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Biosecurity tight as Melbourne Cup nears

November 5, 2007

by Robin Marshall in Melbourne

Equine flu is not about to spoil Victoria's party, with biosecurity security ramped up even further as Melbourne Cup Day nears.

The fate of the great race was far from certain in the weeks following the outbreak of equine influenza in Australia, as authorities initially struggled to contain the highly contagious in New South Wales and Queensland.

Victoria shut its borders to horses and approval to use vaccine on horses destined to compete in the lucrative spring carnival provided further insurance.

The state has manned border crossings since the outbreak to ensure horses have not crossed from New South Wales - the worst-affected state.

However, Victoria still has a large population that has never been exposed to the virus, and authorities are taking no chances as Tuesday's race nears.

State Premier John Brumby was joined by Racing Minister Rob Hulls and Agriculture Minister Joe Helper to inspect the biosecurity measures at Flemington Racecourse before the four-day Melbourne Cup Carnival began on Saturday.

Mr Brumby confirmed measures were in place to ensure that, even if an outbreak did occur elsewhere in the state, racehorses set to run in the Cup would be protected.

"The majority of horses involved in the Spring Racing Carnival events are stabled at Caulfield and Flemington," he said.

"In the extremely unlikely event of an outbreak of equine influenza elsewhere in the state, Caulfield and Flemington can be locked-down and kept in an exclusion zone, allowing racing to continue. Both Caulfield and Flemington have their own stringent biosecurity arrangements."

International horses being stabled at Sandown, and horses at other stables, are also in carefully controlled environments with strict protocols governing their operation and race day movements.

"In short, Victorians can have confidence the Carnival is fully guarded and will proceed," he said.

Melbourne Cup day is expected to attract about 120,000 people to the course tomorrow, and measures are in place at Flemington to ensure all necessary human-horse contact occurs within strictly controlled exclusion zones.

"But I can assure racegoers to the Melbourne Cup Carnival," Mr Brumby said, "that they should not be significantly inconvenienced by the operation of the exclusion zones."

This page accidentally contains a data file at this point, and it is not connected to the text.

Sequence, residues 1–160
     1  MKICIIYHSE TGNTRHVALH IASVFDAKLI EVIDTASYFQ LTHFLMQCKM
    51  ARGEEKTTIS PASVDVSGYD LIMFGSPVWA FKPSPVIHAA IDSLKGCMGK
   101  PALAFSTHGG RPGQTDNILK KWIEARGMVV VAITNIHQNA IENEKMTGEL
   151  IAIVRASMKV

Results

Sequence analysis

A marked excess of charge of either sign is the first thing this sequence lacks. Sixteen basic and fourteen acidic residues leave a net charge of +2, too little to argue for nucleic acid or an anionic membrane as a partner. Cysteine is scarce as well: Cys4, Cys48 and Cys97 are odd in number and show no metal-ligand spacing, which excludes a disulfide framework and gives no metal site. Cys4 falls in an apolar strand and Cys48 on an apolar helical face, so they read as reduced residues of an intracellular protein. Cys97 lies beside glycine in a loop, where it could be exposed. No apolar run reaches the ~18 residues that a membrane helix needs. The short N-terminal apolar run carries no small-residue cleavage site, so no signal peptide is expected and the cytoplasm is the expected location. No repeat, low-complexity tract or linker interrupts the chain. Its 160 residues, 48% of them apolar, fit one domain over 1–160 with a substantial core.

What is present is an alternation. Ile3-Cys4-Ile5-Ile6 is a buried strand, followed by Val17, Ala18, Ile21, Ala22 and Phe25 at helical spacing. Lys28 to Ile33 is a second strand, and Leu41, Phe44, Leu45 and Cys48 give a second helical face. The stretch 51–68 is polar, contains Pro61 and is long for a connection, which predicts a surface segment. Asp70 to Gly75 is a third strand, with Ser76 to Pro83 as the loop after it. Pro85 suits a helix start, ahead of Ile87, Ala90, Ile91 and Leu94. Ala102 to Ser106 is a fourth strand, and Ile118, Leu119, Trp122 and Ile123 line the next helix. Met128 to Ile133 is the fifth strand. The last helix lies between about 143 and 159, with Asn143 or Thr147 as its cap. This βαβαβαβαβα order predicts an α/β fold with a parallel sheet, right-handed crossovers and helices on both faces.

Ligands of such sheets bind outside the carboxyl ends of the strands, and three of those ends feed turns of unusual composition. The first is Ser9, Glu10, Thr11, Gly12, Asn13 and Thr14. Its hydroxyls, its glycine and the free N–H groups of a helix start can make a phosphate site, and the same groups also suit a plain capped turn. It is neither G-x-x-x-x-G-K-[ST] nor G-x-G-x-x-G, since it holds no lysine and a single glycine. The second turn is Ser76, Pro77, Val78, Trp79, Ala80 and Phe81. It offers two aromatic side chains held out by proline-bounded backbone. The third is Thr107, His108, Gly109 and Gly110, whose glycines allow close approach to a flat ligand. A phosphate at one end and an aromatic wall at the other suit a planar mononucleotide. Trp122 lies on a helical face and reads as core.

The Premier praised all those involved in Victoria's response to the outbreak of flu in NSW and Queensland for their professionalism and commitment during such a challenging time.

"Through the sheer hard work and determination of the thoroughbred racing industry, stakeholders and the broader community, the Spring Racing Carnival has been able to go ahead."

Racing Minister Hulls, who is also the state's deputy premier, took a swipe at the federal government for "ignoring" Victoria in its multimillion-dollar flu assistance package. He expressed his "profound disappointment".

"The Victorian thoroughbred and harness racing industries have effectively kept racing industries in NSW and Queensland afloat during the past two months, by continuing to supply a first class programme of racing on which these states continued to derive wagering income," he said.

"Yet not one cent of the $A227 million federal government compensation funding will be directed to the Victorian racing industry or the many community-based horse organisations, all of which have been devastated by the current situation.

"Federal Agriculture Minister Peter McGauran, a fellow Victorian, should acknowledge the efforts of the Victorian racing industry and other Victorian horse organisations by providing a fair and equitable assistance package."

Helper, the state's Agriculture Minister, acknowledged the sacrifices made by horse associations, which voluntarily cancelled events to help ensure that flu did not come to Victoria.

"We are hopeful they can begin holding events again in January, provided there are no outbreaks of equine influenza in Victoria," he said.

"The fight is not over. Border security controls continue to operate 24-hours-a-day, seven-days-a-week at all crossing points between NSW and Victoria."

The state is also making arrangements for the use of high-resolution security cameras to help border surveillance at the busiest crossing points.

Mr Helper said the Department of Primiary Industries had received more than 250 reports from members of the public of possible breaches of border security. Most, he said, had turned out to be false alarms, but all are investigated.

In other news, Victoria has confirmed that a quarantine site had been established at the Werribee Equestrian Centre, expected to be able to stable up to 50 horses at a time.

Under nationally agreed quarantine rules, horses from non-equine-influenza zones being moved interstate must spend at least two weeks in quarantine before coming to Victoria, followed by a further two weeks in quarantine in Victoria.

"Victorian horses stranded in NSW by the equine influenza outbreak will be given priority at the Werribee quarantine site, with interstate horses wanting to compete in Victorian races to follow," Premier Brumby said.

 

 

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